August 7, 2019
Las Vegas, N.M. – Kelly Trujillo is the new director for the Achieving in Research, Math and Science Center (ARMAS) at New Mexico Highlands University.
The nationally acclaimed ARMAS Center provides comprehensive science, technology, engineering and mathematics (STEM) support services to students.
“My whole career has been about mentoring, whether it’s in a laboratory setting or a classroom,” Trujillo said. “I see highly successful tiers of mentoring at ARMAS, which are always fantastic learning opportunities. Mentoring is about building personal relationships that go well beyond the classroom.”
Trujillo said that it’s very rewarding for a mentor to see students reach the heights of pursuing master’s degrees or Ph.D. programs.
Previously, Trujillo was a medical researcher as well as a science educator at both the college and high school levels. From 2016 to 2019, he was the science department chair at Desert Academy in Santa Fe, where he taught biology, chemistry and physics to high school students.
From 2013 to 2016, Trujillo was a tenure-track professor at the University of Nebraska Medical Center, teaching in the department of biochemistry and molecular biology. He was a staff scientist from 2007 to 2013 at the University of New Mexico Health Sciences Center in the department of molecular genetics and bicrobiology.
Trujillo said ARMAS will continue its extensive data analysis of how the center serves students.
“One goal is to use this data to evaluate how well existing ARMAS programs are working and how to improve them. Another goal is to identify additional needs students have. One of the major things that attracted me to this program is the high energy level at the ARMAS center. It’s exciting to have the opportunity to be part of that dynamic,” Trujillo said.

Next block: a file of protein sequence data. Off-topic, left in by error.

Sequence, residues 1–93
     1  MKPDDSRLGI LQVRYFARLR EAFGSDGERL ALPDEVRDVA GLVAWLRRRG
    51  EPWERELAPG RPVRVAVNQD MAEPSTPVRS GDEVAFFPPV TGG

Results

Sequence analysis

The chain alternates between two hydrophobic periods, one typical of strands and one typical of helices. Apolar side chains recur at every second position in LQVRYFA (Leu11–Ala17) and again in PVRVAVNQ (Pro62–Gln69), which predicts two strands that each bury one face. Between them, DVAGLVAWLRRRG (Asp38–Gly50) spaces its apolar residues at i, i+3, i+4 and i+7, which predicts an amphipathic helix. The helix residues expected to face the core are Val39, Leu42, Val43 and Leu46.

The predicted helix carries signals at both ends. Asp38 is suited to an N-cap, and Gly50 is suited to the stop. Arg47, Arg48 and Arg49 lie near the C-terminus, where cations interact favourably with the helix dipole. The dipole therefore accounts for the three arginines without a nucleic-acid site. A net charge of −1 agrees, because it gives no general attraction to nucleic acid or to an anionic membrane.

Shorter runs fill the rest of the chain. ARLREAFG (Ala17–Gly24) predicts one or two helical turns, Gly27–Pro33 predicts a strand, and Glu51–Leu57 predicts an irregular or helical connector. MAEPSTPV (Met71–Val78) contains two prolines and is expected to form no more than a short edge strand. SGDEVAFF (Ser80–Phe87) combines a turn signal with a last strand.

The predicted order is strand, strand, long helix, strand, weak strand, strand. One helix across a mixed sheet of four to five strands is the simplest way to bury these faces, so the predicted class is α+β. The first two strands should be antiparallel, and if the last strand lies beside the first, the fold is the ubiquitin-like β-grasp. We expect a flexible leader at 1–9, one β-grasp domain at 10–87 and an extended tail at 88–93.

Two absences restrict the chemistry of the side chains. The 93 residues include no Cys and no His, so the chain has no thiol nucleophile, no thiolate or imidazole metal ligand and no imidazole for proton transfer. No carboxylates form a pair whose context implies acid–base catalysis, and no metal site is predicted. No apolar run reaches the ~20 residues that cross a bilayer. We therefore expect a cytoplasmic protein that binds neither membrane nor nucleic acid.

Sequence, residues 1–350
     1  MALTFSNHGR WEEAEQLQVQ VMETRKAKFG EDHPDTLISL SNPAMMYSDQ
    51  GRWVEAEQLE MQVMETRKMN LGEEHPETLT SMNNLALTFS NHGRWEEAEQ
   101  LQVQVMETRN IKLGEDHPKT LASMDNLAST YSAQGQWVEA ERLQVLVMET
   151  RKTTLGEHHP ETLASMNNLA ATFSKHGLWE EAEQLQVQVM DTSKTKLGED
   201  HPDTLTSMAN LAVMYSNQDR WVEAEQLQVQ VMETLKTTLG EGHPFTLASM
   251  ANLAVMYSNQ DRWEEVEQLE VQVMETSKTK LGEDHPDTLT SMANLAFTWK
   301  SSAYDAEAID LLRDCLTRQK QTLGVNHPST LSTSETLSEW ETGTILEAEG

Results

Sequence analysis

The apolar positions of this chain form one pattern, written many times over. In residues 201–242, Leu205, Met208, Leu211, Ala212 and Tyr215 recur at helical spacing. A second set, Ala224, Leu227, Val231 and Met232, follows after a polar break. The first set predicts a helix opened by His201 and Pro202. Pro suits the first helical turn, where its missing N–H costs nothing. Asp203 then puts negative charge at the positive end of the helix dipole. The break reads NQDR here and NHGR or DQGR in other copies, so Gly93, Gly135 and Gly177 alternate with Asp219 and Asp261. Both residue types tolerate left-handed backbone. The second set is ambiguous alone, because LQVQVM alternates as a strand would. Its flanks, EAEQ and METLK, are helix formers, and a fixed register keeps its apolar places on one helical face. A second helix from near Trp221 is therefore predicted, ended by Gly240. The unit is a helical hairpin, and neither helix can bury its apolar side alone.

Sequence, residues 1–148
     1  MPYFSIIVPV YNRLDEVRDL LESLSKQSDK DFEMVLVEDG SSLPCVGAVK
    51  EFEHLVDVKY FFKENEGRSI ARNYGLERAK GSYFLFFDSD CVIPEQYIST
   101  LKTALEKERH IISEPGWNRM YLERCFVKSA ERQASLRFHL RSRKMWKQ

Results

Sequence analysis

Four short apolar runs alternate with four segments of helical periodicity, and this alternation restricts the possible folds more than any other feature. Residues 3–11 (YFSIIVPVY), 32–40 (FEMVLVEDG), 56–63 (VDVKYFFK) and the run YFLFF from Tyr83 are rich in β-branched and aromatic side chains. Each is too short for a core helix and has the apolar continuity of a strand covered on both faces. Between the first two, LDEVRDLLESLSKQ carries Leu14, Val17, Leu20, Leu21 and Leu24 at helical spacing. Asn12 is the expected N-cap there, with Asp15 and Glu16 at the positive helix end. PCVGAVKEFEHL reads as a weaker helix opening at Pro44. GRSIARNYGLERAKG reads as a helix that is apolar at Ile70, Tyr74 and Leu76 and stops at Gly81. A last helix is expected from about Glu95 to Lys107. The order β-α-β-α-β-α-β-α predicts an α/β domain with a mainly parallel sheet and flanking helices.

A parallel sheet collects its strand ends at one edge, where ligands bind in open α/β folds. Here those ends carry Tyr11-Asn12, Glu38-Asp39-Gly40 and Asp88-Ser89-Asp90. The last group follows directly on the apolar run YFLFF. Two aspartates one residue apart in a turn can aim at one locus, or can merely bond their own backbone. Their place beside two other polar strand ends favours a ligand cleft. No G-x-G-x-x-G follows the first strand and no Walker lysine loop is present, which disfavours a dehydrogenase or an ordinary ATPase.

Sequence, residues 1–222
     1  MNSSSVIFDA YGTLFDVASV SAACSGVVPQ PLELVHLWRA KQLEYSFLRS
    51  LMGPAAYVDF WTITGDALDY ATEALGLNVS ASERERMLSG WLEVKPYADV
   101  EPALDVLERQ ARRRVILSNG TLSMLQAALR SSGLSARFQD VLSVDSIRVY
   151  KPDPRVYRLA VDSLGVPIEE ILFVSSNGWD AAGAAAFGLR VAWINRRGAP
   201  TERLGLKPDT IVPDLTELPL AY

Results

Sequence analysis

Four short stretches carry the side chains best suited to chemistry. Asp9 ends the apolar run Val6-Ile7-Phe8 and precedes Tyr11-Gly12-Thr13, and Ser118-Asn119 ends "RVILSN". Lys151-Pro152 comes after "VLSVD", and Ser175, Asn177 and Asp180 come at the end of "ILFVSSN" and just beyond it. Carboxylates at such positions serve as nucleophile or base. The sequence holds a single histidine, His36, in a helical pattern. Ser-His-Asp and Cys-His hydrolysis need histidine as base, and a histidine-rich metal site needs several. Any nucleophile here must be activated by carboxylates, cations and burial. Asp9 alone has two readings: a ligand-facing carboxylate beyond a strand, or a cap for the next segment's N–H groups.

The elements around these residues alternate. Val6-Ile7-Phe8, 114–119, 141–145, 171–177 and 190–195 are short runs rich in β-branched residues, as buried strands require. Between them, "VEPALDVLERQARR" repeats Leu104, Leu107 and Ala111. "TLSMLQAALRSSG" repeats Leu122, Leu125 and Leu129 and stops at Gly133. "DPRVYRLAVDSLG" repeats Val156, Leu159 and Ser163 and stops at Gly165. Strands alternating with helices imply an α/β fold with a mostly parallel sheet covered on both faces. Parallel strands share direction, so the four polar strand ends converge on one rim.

Trujillo earned his Ph.D. in molecular medicine from the University of Texas Health Sciences Center in San Antonio and completed post-doctoral research at the Stowers Institute for Medical Research. He earned his B.S. in biology with high honors from the New Mexico Institute of Mining and Technology.
Trujillo, who was born and raised in Santa Fe, New Mexico, said he brings local knowledge to his new position at Highlands.
“I understand the communities, the culture and obstacles that exist in Northern New Mexico. I also have personal insight into what students experience from the entry level in college to professional science careers. I was once in their shoes and know the kind of hurdles they have to overcome to be successful,” Trujillo said.
In 2015, the White House Initiative on Educational Excellence for Hispanics named ARMAS for “Bright Spots” honors. In 2014, Excelencia in Education named ARMAS as one of the top college programs in the nation for increasing graduation rates among Hispanics.
The ARMAS Center at Highlands was established in 2009 with a $2.2 million grant from the U.S. Department of Education. Grants followed from the Kellogg Foundation, National Science Foundation, Los Alamos National Laboratory, and more.
“The fact that Highlands also invests university funds in our ARMAS program is a sign of our value to students,” Trujillo said.